Aug 02, 2020
Popular Coastal Bridge Shutdown Over Safety Concerns
This news has been received from: cbslocal.com
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HALF MOON BAY (CBS SF) — A popular but decaying pedestrian bridge on the California Coastal Trail in Half Moon Bay has been shut down due to concerns about public safety, according to Half Moon Bay officials.
The span on Mirada Road at Miramar Beach will be off-limits for at least a year while plans are developed to replace it.
The bridge is mostly within San Mateo County’s jurisdiction, but a portion is in Half Moon Bay. The county determined that the bridge had deteriorated to the point that it needed to be closed immediately.
The span links two sections of Mirada Road over Arroyo de en Medio, a seasonal creek. The marine climate and erosion have contributed to
the deterioration of the concrete and other parts of the bridge.
Half Moon Bay officials agreed with the county’s decision to close it down.
“I understand and share people’s frustration with the sudden closure of the bridge, and the resulting disruption in use of the Coastal
Trail there,” said Half Moon Bay Mayor Adam Eisen in a statement issued Saturday. “However, public safety must be the priority.”
The city would work with the county to create a safe detour and move ahead with the bridge replacement project, Eisen said.
The replacement bridge project will include removal of the existing bridge’s archway and the bridge deck, strengthening the banks below
the span and installing aluminum weather-resistant bridge structure. The project will also take necessary steps for slope protection of the bluffs adjacent to the bridge abutments. The city is in discussions with the county about possibly sharing the cost of the project.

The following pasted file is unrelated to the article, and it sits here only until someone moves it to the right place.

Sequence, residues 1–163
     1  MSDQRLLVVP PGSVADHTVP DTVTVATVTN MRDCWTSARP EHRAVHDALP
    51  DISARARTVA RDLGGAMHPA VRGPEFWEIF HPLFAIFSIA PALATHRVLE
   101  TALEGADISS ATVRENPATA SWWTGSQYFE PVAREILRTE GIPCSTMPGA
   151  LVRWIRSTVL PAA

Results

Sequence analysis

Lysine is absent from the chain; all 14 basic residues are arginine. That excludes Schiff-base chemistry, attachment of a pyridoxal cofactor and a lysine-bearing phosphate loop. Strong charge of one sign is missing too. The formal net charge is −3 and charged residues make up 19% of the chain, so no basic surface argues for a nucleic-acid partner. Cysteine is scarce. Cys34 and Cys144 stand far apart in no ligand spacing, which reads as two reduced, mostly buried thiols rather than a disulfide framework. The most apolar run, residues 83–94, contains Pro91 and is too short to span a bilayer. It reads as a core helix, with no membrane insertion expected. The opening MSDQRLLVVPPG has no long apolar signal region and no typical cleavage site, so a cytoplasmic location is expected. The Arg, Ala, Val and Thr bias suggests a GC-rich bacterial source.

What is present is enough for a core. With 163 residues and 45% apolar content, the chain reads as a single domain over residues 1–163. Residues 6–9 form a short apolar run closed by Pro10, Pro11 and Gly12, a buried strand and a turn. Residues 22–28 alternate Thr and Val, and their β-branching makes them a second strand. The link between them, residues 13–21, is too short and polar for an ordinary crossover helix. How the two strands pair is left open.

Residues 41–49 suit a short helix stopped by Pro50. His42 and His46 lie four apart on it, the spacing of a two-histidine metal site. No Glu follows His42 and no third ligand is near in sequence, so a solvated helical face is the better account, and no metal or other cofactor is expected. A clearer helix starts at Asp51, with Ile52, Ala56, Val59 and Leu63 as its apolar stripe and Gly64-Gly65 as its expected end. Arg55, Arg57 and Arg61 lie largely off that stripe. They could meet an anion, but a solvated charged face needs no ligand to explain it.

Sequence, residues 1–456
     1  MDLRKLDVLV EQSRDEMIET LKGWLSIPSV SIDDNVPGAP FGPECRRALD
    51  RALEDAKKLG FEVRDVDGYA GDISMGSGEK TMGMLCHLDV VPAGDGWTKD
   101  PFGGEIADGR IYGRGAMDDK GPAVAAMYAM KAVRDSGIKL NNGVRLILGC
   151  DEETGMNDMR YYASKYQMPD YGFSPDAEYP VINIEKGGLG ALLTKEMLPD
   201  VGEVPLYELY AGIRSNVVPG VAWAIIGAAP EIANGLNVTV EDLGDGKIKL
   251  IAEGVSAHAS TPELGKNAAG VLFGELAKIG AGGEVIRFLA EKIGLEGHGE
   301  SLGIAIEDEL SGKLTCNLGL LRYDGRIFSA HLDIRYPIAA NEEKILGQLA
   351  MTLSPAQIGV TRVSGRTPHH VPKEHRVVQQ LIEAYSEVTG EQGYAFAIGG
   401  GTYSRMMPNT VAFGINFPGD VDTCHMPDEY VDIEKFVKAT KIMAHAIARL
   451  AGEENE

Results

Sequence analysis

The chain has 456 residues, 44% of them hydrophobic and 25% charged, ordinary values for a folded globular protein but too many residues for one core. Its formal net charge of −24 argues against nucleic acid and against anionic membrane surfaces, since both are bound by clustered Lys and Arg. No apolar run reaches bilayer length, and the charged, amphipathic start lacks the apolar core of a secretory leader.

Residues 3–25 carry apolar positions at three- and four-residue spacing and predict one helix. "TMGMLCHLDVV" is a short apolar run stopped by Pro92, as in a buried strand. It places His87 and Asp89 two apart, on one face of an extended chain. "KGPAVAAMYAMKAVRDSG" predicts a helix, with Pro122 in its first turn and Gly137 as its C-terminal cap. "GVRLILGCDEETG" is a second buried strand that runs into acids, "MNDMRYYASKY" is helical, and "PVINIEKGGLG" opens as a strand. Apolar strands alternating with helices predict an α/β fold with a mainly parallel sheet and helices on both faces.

News Source: cbslocal.com
Lawsuit Claims TikTok Sends Childrens Personal Data to China
A new class-action lawsuit alleges that the popular Chinese-owned social media app TikTok funnels personal details of children to communist China.
NPR reports that families are suing the popular Chinese-owned social media app TikTok, alleging that the app shares their children’s data with China. The lawsuit alleges that the app collects information about the children’s facial characteristics, locations, and close contacts which it sends to servers in China.
Dozens of minors, through their parents, are involved in the lawsuit. Twenty separate but similar federal lawsuits were filed over the past year on behalf of TikTok users in California and Illinois, which requires that tech companies receive written consent before collecting data on a user’s identity. These suits have now been merged into one class-action lawsuit.
On Tuesday, a panel of federal judges ruled that the case will be based in the U.S. District Court for the Northern District of Illinois with Judge John Z. Lee being appointed as the presiding judge. Plaintiffs will be asking Lee to expand the suit into a nationwide class-action lawsuit that could affect tens of millions of American users.
TikTok denies the allegations but the company is in no position to engage in a long legal battle as it faces intense pressure and scrutiny from the Trump administration. Breitbart News previously reported that President Trump expressed concerns about the app and was considering banning it in the United States. “We’re looking at TikTok, we may be banning TikTok, we may be doing some other things, there are a couple of options,” Trump said. “A lot of things are happening so we’ll see what happens. We are looking at a lot of alternatives with respect to TikTok.”
Since then, U.S. tech giant Microsoft announced that it will move forward with plans to purchase the U.S. operations of the popular app as the platform faces the risk of being banned in the U.S. due to national security concerns. President Donald Trump has backed down from his plan to ban the platform, giving Microsoft 45 days to negotiate a purchase.
TikTok CEO Zhang Yiming told employees in China on Tuesday that a forced sale of TikTok to a U.S. buyer is “unreasonable,” but it is still part of a legal process and TikTok has no choice but to abide by the law. “But this is not their goal, or even what they want. Their real objective is to achieve a comprehensive ban,” he wrote.
Read more about the class-action lawsuit at NPR here.
Lucas Nolan is a reporter for Breitbart News covering issues of free speech and online censorship. Follow him on Twitter @LucasNolan or contact via secure email at the address firstname.lastname@example.org